Has a Religious priest, Sister, Brother impacted your life?

By: By Jennifer Willems

EDITOR’S NOTE: Across the nation this weekend people are being encouraged to offer support for the Retirement Fund for Religious. Last year more than $28 million was raised — including $132,478 from the Diocese of Peoria — to offer direct assistance to 477 religious institutes.

But we know these dedicated women and men are remembered far more often than this one particular weekend each year. In fact, they often become valued friends and mentors and are held dear for a lifetime.

In Bishop Jenky’s letter promoting the collection, he notes “most of us can probably recall some Religious priest, Brother or Sister who has made a positive impact on our lives.” Who is that person in your life? We invite you to tell us about them briefly and we’ll share them here and possibly in print. Email us at cathpost@cdop.org.

For now, here are remembrances of six to “prime the pump.”



One of the people who had a significant impact on the life of Father Jeffrey Laible, pastor of Holy Family in Lincoln and St. Mary’s in Atlanta, was Father Placid Hatfield, OSB, of St. Bede Abbey in Peru.

“He was very instrumental in getting me ore interested in the faith and in my own discernment in the priesthood,” Father Laible told The Catholic Post.

Father Placid was the director of Teens Encounter Christ when Father Laible was at Spalding Academy in Peoria and “many of us were inspired by his holiness and his vitality.”

“He brought such life to that program and for us as young people what it meant to be Catholic,” Father Laible said, adding that Father Placid not only encouraged him to think about priesthood but went to talk to the diocesan vocations director, now known as Archbishop John J. Myers of Newark, about him.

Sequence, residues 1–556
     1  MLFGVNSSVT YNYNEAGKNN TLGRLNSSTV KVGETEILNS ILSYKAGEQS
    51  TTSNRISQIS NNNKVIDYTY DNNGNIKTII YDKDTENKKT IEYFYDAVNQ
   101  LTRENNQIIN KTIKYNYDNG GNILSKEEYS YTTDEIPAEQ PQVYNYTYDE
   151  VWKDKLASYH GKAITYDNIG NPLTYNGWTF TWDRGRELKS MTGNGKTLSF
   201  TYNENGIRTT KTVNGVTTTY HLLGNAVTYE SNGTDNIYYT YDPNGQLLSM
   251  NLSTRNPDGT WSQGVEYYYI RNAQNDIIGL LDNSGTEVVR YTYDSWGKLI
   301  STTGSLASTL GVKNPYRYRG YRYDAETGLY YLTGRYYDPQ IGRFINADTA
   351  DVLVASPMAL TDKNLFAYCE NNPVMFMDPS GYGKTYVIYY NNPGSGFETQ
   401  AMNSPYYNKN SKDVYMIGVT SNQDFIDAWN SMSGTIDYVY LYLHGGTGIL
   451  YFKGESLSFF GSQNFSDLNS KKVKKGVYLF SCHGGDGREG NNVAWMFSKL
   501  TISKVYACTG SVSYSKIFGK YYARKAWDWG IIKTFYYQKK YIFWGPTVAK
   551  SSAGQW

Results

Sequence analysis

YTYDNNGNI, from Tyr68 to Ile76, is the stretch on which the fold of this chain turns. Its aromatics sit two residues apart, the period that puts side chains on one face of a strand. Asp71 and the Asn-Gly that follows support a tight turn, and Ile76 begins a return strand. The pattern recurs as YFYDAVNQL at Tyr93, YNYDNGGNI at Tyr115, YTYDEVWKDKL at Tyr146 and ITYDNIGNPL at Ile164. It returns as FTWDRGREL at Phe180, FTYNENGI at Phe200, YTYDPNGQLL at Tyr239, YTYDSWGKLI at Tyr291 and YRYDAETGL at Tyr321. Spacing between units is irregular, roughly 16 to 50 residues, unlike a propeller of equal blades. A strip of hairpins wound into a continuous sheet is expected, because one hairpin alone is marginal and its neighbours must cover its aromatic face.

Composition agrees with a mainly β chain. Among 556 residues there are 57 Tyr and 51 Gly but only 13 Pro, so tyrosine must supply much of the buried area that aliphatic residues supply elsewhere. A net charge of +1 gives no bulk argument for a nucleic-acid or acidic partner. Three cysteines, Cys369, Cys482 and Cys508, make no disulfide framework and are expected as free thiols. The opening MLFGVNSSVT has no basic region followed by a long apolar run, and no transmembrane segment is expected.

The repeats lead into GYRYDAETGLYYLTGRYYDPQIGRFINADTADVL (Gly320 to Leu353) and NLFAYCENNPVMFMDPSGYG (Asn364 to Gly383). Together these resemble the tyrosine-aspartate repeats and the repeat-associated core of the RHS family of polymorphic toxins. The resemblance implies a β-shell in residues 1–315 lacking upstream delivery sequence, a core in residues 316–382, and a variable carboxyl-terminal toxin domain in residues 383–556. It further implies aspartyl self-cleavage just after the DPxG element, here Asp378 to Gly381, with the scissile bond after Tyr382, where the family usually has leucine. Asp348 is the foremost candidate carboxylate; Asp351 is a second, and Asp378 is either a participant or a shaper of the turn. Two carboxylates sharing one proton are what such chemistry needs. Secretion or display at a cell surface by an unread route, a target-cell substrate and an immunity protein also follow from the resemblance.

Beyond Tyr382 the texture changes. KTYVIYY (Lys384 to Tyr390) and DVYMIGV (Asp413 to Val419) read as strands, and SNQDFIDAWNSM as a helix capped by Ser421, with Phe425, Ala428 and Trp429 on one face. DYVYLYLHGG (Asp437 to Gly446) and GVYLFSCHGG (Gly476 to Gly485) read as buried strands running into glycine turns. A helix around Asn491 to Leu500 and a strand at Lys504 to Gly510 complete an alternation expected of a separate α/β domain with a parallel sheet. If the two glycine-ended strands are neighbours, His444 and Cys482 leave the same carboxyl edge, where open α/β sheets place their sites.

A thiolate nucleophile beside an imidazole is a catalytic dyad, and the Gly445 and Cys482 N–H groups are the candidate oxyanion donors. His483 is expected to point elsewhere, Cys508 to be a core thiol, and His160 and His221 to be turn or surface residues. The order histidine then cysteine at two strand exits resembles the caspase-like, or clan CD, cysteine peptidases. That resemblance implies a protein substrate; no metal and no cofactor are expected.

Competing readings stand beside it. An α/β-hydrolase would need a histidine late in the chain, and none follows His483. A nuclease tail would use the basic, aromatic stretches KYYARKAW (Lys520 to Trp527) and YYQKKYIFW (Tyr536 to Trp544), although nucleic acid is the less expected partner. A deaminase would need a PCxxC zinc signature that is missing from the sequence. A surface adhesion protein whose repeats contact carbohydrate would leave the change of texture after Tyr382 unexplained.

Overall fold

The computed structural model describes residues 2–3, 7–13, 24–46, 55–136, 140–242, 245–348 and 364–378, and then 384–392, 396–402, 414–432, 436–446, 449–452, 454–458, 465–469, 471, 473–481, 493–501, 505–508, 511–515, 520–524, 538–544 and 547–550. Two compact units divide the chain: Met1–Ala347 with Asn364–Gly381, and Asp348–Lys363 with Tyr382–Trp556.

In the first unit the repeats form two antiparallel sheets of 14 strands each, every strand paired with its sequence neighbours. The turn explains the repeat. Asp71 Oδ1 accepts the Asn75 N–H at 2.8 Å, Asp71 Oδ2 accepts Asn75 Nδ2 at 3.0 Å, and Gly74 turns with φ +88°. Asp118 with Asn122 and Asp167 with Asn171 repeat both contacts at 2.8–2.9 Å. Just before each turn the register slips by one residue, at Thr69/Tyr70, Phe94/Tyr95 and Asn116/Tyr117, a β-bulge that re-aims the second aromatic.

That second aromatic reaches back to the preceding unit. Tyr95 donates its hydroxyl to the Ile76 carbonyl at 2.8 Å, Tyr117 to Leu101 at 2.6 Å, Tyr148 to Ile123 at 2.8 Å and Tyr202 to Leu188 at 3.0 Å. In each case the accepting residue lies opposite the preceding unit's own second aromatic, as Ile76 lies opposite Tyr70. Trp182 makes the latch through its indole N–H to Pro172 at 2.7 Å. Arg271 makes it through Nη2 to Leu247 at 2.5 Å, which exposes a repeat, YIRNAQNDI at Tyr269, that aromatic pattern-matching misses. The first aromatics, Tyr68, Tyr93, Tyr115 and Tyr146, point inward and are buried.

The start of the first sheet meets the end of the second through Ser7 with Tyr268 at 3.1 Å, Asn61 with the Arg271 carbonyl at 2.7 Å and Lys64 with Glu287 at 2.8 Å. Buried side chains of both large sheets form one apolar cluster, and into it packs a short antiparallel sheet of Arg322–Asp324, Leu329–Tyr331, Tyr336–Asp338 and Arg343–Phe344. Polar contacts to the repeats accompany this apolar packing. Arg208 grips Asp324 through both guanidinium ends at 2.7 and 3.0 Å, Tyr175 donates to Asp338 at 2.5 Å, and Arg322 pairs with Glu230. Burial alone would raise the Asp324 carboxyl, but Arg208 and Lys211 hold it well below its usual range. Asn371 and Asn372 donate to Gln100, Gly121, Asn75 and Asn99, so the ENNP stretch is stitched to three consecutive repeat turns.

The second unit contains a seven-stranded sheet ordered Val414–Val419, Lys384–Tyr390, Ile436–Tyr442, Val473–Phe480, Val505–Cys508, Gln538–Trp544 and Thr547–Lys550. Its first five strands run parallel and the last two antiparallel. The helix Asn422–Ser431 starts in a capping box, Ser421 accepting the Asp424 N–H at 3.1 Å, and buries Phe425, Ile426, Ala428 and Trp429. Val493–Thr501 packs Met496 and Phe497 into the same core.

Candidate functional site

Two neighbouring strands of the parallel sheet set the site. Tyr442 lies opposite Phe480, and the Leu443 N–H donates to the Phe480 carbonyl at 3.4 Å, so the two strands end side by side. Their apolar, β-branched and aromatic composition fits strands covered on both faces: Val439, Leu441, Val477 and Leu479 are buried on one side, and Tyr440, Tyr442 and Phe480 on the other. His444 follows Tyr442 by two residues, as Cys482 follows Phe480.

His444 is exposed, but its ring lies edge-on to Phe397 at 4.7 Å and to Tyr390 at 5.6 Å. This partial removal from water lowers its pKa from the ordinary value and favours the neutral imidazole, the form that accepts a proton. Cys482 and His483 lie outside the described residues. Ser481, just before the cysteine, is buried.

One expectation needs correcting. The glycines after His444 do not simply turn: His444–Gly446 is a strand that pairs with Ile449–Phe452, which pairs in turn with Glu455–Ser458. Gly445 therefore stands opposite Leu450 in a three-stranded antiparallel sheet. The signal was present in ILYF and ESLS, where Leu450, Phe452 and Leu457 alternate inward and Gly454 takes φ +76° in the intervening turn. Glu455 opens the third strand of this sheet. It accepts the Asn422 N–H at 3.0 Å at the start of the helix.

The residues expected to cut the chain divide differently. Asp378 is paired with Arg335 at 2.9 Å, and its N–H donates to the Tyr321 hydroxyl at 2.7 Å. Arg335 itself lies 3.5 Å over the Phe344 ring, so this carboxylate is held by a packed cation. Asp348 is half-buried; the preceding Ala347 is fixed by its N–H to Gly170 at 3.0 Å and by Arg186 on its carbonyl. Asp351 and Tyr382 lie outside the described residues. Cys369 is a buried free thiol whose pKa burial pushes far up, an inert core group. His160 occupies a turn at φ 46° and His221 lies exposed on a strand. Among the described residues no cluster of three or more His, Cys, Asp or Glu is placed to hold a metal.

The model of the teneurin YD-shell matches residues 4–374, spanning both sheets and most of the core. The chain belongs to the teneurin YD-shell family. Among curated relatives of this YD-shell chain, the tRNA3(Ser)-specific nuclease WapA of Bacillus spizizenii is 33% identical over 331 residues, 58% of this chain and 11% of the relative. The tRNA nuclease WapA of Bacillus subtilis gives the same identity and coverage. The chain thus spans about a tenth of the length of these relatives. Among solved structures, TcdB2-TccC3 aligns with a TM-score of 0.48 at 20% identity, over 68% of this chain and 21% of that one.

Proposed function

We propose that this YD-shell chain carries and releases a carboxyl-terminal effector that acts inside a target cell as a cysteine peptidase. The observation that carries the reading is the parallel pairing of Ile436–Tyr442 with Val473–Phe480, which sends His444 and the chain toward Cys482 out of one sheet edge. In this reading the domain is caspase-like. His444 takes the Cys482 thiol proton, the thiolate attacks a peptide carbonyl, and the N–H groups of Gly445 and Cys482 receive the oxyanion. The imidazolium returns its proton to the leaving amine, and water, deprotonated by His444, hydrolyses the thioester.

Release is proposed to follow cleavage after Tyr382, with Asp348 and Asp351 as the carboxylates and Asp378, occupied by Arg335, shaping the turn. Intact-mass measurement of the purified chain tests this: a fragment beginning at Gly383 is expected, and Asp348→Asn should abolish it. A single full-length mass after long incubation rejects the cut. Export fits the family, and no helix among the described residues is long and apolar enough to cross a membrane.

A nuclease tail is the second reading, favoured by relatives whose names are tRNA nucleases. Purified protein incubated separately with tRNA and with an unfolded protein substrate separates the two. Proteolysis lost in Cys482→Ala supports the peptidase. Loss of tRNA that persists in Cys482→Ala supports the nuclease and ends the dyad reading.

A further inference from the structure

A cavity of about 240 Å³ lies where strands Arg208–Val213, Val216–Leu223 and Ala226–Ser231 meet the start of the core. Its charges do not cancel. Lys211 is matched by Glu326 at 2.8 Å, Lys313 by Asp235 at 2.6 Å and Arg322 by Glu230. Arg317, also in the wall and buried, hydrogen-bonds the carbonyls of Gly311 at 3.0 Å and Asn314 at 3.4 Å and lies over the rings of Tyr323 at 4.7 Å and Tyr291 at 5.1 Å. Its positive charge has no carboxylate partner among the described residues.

As important as what he said was the “living witness” he gave, Father Laible explained.

“He was a happy priest — he enjoyed what he did. He was very authentic. He was a joy-filled man,” said Father Laible. “His love for the TEC program just permeated and enriched that program.

“Those were very inspiring qualities for me — that you could actually be happy and be a priest,” he said.

In addition to TEC, Father Placid served on the faculty of St. Bede Academy, was involved in parish ministry, and was co-director of Cursillo and the permanent diaconate program. He was 75 and in the 52nd year of monastic profession when he died on May 6, 2005.

Father Laible also had words of praise for the Springfield Dominicans, who were his co-workers at St. Malachy’s Parish in Rantoul for 10 years and currently minister in Lincoln.

“I could talk about both the Dominicans and Father Placid for a long time,” he said.

Rantoul continues to be served by Sister Mary Paulette Jorge, OP, Sister Mary Sara Koch, OP, and Sister Mary Anita Tapioca, while the Lincoln community benefits from the presence of Sister Mary Lou Owens, OP, and Sister Margaret McCormick, OP, according to Father Laible.

“It has been a tremendous blessing for me,” he said, noting their dedication and devotion to the faith.